GCDD’s 2020 Public Policy Direction: Disability in ALL Policy!

The Georgia Council on Developmental Disabilities is governed by a 27-member board, appointed by the governor and comprised of at least 60 percent individuals with developmental disabilities and family members. Other members include policymakers that represent various agencies and organizations having a vested interested in persons with developmental disabilities.

Each year, the council comes together in the fall to formulate a legislative agenda to bring about social and policy changes that promote opportunities for persons with developmental disabilities and their families to live, learn, work, play and worship in Georgia communities. This year our council approved changes to our public policy department, which will allow GCDD to engage with legislators to ensure people with developmental disabilities are considered in ALL policy. Our 2020 legislative priorities are as follows:


We are committed to advancing sound policies that improve the overall health (physical, mental, emotional and sexual) of people with developmental disabilities and their loved ones. The following topics will be highlighted in our health and wellness policy initiative:

We will always include eliminating the waiting list for NOW and COMP waivers in our policy initiatives until the waitlist in Georgia is ZERO. These waivers allow individuals with developmental disabilities who qualify for an institutional level of care to receive the supports they need to live healthy lives in the community. As of August 2019, 6,048 Georgians with developmental disabilities were on the waiting list for a NOW or COMP waiver. Our advocacy around this very important issue remains as crucial as ever.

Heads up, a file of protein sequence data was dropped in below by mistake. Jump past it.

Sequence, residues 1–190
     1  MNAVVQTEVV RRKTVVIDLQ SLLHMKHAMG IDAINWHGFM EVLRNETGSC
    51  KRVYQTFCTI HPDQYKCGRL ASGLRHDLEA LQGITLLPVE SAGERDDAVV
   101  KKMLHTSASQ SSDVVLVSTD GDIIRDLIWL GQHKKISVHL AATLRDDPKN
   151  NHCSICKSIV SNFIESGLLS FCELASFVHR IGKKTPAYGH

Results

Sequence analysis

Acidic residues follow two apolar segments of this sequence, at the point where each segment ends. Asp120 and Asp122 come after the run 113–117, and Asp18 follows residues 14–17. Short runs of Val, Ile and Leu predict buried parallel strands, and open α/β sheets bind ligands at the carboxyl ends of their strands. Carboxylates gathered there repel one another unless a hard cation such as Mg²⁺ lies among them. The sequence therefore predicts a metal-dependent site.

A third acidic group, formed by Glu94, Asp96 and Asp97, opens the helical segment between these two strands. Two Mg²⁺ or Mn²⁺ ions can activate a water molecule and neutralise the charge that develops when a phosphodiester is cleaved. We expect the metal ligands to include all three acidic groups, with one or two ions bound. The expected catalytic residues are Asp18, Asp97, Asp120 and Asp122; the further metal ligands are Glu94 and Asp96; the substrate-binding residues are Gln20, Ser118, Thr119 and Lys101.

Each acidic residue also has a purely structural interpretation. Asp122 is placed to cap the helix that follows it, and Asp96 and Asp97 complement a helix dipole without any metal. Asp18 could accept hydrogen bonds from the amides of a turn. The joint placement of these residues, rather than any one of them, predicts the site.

• The Shortage of DSPs: Workforce Crisis
    We believe that a competent, well-trained and caring workforce of direct support professionals (DSPs) is essential to the health and wellbeing of individuals with disabilities who utilize home and community-based services. We support strategies to address this crisis so people with disabilities can have the care they need.
  • Gracie’s Law (Organ Transplant Discrimination)

We support the Nobles family and Representative Williams in their efforts to ensure that people with developmental disabilities are not denied an organ transplant simply because of their disability status.


Inclusive education policies, starting with early childcare settings and continuing through postsecondary education, are necessary to assist Georgians with developmental disabilities in reaching their full potential. Currently, our education focus includes:

  • IPSE Programs

We believe that all students, regardless of ability, should have access to postsecondary education programs in the state of Georgia. Inclusive postsecondary education (IPSE) programs provide students with intellectual and developmental disabilities access to education not otherwise available. Currently there are nine IPSE programs in Georgia serving approximately 139 students. They are Kennesaw State University’s Academy for Inclusive Learning and Social Growth, University of Georgia’s Destination Dawgs, Georgia Institute of Technology’s EXCEL, Georgia State University’s IDEAL, Columbus State University’s GOALS, East Georgia State College’s CHOICE, Georgia Southern’s Eagle Academy, Albany Technical College’s LEAP and the University of West Georgia’s Project WOLVES.

GCDD is committed to the growth and support of IPSE programs because we recognize their value in preparing students to live increasingly independent lives within their communities.

GCDD works to address the targeted disparity of African American and other minority students who are disproportionately identified in special education. They often end up in the Georgia Network for Educational and Therapeutic Support (GNETS) system or expelled from school, which leads to a higher probability of incarceration. We support policy initiatives aimed at reducing the number of students being placed in the school-to-prison pipeline and look forward to the recommendations of the Senate Study Committee on Educational Development of African American Children in Georgia.